A few hours before Universal Studios Online participated in its first online focus group June 18, a gift basket of junk food arrived from Greenfield Online accompanied by a card that said, "The focus group is virtual, but the candy is real."
For marketers who have stood behind one-way mirrors popping M&Ms while scrutinizing the faces of panelists in conventional focus groups, the gesture raises a key question: Can the Internet replace the visceral experience of face-to-face panels?
Many market researchers, such as Greenfield Online, NFO Interactive, Harris Black International and others, believe it can, although they acknowledge online research has limitations.
Others that are moving aggressively into online market research, such as Millward Brown International and Digital Marketing Services, are avoiding online focus groups.
CRITICS CITE LIMITS
For DMS, which conducts online polls through America Online, the issue is pursuing quantitative vs. qualitative research. But MBinteractive, the online division of Millward Brown International, consciously decided to forgo online focus-group research.
"Seeing how people are interacting is a critical part of the focus-group process," said Rex Briggs, VP-interactive at MBinteractive. "[Online] doesn't get you anywhere near the same dimension [as conventional focus groups]."
Other issues raised by critics involve online recruiting methodologies (such as banner ads offering prize money to respondents) and whether Internet panelists represent the U.S. population (a common universe for market research).
PROPONENTS TOUT BENEFITS
But marketers that have used online focus groups, and market researchers conducting them, say benefits far outweigh limitations.
Those benefits include no geographic barriers, much lower costs (about half as much), faster turnaround time and intangibles such as respondents being more open without an interviewer staring them in the face.
"I think [the panelists] were more definite about things they didn't like [on a new Web site] than they'd be in front of a moderator," said Lisa Crane, VP-sales and marketing for Universal Studios Online, which used the online focus group to test a redesigned site it's developing for Captain Morgan Original Spiced Rum, a brand of its parent company Seagram Co.
Rudy Nadilo, president and CEO of Greenfield Online, which conducted the online focus group for Universal, said they are meant "to complement, not replace" traditional panels.
Greenfield Product Manager Susan Roth said she received 2,700 responses within one day of sending out a so-called screener e-mail to approximately 6,000 users in Greenfield's database of 500,000 Internet homes. She then formed two groups of eight panelists each for the client, which needed to make sure respondents were over 21 and had certain drinking preferences.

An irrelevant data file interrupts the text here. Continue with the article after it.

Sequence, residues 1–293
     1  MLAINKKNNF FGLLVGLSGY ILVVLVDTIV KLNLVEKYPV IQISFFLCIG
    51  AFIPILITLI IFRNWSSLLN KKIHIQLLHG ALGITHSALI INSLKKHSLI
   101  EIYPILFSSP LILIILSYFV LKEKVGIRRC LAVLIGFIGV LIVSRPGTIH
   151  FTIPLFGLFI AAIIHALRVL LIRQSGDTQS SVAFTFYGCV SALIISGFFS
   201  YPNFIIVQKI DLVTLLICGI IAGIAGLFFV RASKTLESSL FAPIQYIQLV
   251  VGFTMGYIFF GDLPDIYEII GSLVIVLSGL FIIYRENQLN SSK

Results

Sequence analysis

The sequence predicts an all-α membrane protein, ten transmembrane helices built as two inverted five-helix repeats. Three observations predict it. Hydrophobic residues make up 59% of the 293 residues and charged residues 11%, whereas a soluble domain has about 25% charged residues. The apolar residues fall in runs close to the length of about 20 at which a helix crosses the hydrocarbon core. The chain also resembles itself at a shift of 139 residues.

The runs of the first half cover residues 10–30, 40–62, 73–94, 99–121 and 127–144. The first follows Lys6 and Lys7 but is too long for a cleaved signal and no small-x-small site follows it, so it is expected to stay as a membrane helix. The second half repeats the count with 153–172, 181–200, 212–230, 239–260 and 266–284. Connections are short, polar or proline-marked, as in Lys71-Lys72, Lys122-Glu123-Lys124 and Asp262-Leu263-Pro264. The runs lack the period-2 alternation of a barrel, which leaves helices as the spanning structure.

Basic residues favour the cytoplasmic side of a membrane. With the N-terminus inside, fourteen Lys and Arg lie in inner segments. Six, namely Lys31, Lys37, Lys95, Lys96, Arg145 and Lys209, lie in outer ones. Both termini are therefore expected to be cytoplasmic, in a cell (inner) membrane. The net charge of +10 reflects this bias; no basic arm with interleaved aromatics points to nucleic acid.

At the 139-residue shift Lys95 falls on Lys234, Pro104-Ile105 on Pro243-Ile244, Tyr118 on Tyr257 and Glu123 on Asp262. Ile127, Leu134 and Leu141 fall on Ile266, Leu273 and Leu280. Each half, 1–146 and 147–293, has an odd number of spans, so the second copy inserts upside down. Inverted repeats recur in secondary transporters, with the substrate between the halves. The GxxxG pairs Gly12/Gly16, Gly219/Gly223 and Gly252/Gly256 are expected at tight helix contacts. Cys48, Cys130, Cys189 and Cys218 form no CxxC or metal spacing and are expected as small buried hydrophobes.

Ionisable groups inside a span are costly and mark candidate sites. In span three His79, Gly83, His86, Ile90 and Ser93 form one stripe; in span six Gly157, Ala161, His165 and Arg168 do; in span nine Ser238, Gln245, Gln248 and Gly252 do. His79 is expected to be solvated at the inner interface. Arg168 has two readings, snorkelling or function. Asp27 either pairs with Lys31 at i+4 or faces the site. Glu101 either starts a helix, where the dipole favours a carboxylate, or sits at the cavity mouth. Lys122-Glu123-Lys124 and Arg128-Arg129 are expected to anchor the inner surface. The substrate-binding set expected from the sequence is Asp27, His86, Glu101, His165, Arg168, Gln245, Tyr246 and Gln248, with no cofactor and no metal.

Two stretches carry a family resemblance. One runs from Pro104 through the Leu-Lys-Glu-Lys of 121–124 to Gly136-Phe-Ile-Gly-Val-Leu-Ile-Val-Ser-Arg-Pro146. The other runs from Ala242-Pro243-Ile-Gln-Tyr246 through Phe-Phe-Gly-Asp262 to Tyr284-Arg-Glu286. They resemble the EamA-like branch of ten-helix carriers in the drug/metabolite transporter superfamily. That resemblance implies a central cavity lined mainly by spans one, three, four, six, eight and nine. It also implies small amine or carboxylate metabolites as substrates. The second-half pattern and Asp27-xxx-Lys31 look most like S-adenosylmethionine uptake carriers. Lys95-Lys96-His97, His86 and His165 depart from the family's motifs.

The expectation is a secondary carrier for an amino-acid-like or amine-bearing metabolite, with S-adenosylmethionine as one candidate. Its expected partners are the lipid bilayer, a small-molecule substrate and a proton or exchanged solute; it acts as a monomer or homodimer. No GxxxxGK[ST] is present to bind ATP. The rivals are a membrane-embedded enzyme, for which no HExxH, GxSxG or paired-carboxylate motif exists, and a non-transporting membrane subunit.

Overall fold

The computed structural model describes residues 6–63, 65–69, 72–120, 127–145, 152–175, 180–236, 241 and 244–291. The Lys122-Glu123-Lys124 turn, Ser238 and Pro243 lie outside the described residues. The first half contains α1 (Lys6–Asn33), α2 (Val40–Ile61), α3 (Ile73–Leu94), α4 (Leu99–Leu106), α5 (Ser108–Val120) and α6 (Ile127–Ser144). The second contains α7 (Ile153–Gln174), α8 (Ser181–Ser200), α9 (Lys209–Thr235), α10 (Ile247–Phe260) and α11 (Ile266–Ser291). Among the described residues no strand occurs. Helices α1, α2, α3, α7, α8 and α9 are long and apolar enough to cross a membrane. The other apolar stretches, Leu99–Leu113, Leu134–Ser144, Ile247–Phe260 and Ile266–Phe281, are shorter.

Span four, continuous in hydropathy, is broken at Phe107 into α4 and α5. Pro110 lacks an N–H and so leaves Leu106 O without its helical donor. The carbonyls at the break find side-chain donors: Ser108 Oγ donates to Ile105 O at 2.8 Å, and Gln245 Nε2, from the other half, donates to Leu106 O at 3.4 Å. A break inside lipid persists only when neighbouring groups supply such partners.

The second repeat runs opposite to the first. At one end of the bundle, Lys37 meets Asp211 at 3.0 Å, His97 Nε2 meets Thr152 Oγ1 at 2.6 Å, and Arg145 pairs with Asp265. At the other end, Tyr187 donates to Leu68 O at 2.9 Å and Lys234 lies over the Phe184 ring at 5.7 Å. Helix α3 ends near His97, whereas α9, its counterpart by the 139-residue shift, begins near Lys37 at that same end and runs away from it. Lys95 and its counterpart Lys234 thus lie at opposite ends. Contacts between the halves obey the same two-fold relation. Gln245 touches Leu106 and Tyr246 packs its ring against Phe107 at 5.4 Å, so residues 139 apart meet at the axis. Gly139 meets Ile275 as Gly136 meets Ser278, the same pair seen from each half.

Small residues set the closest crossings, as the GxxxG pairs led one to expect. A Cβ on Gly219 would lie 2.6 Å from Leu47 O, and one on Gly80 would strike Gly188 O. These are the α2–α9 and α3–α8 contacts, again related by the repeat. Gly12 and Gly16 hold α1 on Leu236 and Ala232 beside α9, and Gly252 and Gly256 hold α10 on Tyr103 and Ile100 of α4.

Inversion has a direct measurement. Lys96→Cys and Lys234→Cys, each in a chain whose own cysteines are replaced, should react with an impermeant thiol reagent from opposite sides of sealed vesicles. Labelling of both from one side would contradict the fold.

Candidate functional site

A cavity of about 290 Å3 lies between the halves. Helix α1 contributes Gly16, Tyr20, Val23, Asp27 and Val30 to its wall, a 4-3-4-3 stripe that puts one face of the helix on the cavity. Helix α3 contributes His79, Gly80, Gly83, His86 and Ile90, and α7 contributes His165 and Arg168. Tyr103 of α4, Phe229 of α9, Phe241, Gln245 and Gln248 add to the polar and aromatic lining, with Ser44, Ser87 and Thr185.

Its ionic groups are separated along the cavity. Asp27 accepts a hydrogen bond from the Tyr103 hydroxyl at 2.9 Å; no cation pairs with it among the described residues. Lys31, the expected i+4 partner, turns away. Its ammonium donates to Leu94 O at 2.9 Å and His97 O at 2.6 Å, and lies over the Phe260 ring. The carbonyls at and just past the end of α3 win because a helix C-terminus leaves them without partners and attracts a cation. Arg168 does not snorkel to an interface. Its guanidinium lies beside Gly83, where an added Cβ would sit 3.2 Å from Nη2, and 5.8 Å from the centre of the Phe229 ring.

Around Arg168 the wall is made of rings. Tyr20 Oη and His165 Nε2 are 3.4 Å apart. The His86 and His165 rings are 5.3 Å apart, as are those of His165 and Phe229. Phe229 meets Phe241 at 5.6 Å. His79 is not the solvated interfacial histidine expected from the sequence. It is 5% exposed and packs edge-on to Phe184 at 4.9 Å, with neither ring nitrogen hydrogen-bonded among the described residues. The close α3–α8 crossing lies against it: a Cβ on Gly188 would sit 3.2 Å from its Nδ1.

KEEPING PANELISTS HONEST
But how do researchers know if panelists give accurate information?
"During the initial screening, we're trusting them," said Ms. Roth. "But everything has to match up," she added, noting that Greenfield cross-checks answers to screening questionnaires against information entered when panelists registered for the database. Greenfield also rescreens panelists just before the focus group begins, and has alternates lined up should anyone not qualify.
During the online focus group, held in a private chat room on Greenfield's site, a moderator fields questions and answers on one side of a split screen, while clients can make suggestions-instantly by typing-on the left side of the screen.
"I loved the way I was able to influence what the moderator said instantly," said Ms. Crane.
Greenfield charges about $6,000 plus incentives for this type of two-group project. A conventional two-group package costs about $10,000.
Another researcher that's been aggressive in online focus groups is NFO Interactive, which conducts research with LiveWorld Productions on a dedicated Talk City site.
NFO Interactive, which charges $3,500 to $4,000 per group, has conducted between 80 and 90 online panels in the past 18 months, said President Charlie Hamlin.
NFO has done extensive ad testing, for online and off-line campaigns, as well as other types of research. Mr. Hamlin said aside from the lack of face-to-face contact with panelists, the only other limitation is quality of graphic presentation. It does not test TV spots because of bandwidth limitations.
Mr. Hamlin said NFO experienced this when testing a campaign for Cisco Systems, which makes networking equipment. "They had a very crisp presentation of product, but it wasn't as good online as it was in person."
Another well-known market researcher, Harris Black International, is recruiting panelists for online focus groups that will involve different illnesses, said George Terhanian, Internet research director at Harris Black.
Through a partnership with Excite, Harris Black is recruiting users with an offer to participate in the Harris Poll Online. Through a partnership with Excite's subsidiary MatchLogic, it is recruiting panelists using a sweepstakes offer.
After sending e-mail screeners to all 700,000 users in its database, Harris Black received about 200,000 back, a 30% response rate.
"It's incredibly difficult to recruit these people [off-line] for research because there are no lists of people who have identified themselves as having certain types of illnesses," said Mr. Terhanian. "People who have HIV who are online are probably not that different from people who have HIV who are not online."